Funding the Highway Trust Fund is not a Binary Choice

SIN taxes (a form of a Pigou Tax) are used to discourage the consumption of a good–think pollution.  In theory, the taxes are imposed to pay for the negative externalities caused by consumption of that good (damage to third-party property owners in the case of pollution).  The revenues are costs are in equilibrium because the costs and revenues are directly related to consumption.  As consumption falls, so do revenues.

As a result, sin taxes are, again still in theory, well designed to curb unwanted behavior and increase social welfare, they do not provide a constant stream of revenue.  Moreover, sin taxes are typically regressive in nature, the costs of the behavior that the tax seeks to curb are difficult to calculate, and so forth.  In short, it is difficult for a tax policy to accomplish the twin aim of supplying a constant revenue stream while curbing the very activity that generates said revenues.

This is the problem facing U.S. policymakers regarding the solvency of the nation’s Highway Trust Fund (HTF), which is funded through the gas tax.  As Matt Stone highlighted recently in a piece for the BDN, the gas tax may no longer be the best means to fund the HTF.  The reason why is that the gas tax works (whether intended or not) as a sin tax, curbing the consumption of that good by increasing the cost to the consumer.  In terms of gas, this means simply driving less with the same fuel inefficient car, or by purchasing a more fuel efficient car.  The problem with the gas tax as a sin tax is that the revenues are not being used to pay the costs of the negative externalities caused by the consumption of gas (such as pollution).  Instead, they are being used to help pay for the nation’s highways and infrastructure.  As a result, as consumption of gas gets pushed down, revenues will fall but use of the highways will remain the same.

Stone points out a potentially better alternative to the gas tax is a mileage tax.  Economically*, the mileage tax is fairly straightforward; users get taxed based on miles driven.  Under the current scheme of taxing gas, drivers with higher fuel efficiency are taxed less than drivers with lower fuel efficiency even though the two drive the same distance.  While switching to a mileage tax from a gas tax would be fairer in terms of taxing users based on usage, a mileage tax is not as effective as the gas tax in terms of creating incentives for drivers to purchase more fuel efficient cars and reduce gas consumption.  That ‘unfairness’ of the gas tax is what pushes people to increase fuel efficiency to drive the same distances, or decrease consumption by driving smaller distances.  By making the tax fairer by going to a mileage tax, some argue, that incentive is lost.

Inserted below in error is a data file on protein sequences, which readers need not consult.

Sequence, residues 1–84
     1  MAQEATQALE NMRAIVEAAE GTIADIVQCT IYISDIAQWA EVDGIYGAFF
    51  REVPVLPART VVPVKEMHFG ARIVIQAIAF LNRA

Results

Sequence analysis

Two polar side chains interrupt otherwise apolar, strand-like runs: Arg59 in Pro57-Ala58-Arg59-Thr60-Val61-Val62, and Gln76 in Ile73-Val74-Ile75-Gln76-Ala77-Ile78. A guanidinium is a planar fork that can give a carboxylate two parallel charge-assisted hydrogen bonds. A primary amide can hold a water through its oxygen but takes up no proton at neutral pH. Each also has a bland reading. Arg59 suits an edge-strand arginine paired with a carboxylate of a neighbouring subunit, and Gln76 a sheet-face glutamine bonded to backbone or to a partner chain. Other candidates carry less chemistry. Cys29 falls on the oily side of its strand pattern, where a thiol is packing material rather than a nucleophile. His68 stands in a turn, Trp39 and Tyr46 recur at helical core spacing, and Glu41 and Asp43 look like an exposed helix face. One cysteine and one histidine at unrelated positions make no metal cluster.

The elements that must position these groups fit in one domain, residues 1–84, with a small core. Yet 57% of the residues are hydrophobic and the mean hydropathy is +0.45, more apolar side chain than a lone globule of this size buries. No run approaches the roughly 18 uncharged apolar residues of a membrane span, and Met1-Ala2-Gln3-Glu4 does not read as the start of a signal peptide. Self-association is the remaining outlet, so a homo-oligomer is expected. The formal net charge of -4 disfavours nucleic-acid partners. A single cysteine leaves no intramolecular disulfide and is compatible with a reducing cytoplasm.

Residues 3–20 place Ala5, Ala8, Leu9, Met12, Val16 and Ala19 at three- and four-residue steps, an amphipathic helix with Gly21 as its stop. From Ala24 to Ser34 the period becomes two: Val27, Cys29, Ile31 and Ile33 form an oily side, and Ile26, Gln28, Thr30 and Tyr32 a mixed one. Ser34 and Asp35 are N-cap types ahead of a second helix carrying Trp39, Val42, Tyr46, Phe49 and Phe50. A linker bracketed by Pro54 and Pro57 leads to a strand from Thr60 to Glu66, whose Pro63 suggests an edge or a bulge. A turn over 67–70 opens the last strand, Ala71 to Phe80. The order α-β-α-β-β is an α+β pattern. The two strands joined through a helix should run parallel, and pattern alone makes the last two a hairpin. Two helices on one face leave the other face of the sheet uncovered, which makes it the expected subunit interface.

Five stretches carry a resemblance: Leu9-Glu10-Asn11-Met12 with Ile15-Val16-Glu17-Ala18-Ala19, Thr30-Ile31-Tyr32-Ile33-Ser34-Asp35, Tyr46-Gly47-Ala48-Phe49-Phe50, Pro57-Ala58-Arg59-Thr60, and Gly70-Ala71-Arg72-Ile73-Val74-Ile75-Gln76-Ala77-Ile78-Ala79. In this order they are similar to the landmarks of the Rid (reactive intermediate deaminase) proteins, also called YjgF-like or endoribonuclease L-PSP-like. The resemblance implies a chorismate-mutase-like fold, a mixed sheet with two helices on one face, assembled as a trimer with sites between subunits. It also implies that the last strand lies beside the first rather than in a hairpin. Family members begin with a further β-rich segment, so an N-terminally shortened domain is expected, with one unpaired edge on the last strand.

As such, despite the claims of some, policymakers may be faced with the decision of what the policy aim is; creating incentives for consumers to purchase more fuel efficient vehicles, or funding the HTF.

However, regarding the gas tax vs mileage tax as a binary choice is somewhat myopic, and policymakers might need to take the long-view on this.  Regarding incentives for fuel efficiency via the gas tax, at some point those incentives will run out.  The incentives created by the gas tax are for consumers who still drive a low efficiency vehicle.  That is, the gas tax pushes consumers to switch from their current low efficiency vehicle to a high efficiency vehicle.  Once that switch is made, then the incentives are gone, and the gas tax loses its incentivizing advantage over the mileage tax.  At that point (where fuel efficiency reaches a high enough level, for instance, 60 mpg), the switch can be made to the mileage tax.  Of course, what that level should be is up for debate**.

*The political is issue is how the government tracks miles.  The Oregon program requires the installation of a GPS in vehicles to track miles.  There are obvious privacy concerns, and this type of program would create enormous political barriers at the national level. 

**The gas vs mileage tax is not the totality of the debate on how to fund the nation’s infrastructure.  Another idea is to turn funding over to the states and do away with the federal gas tax (read James Pethokoukis’ piece here).

John Haskell

About John Haskell

John graduated from the University of Southern Maine with a degree in Political Science, and from the University of Maine School of Law. He has worked in both the public and private sectors, and currently, works with a small business services company in the Mid-Coast area.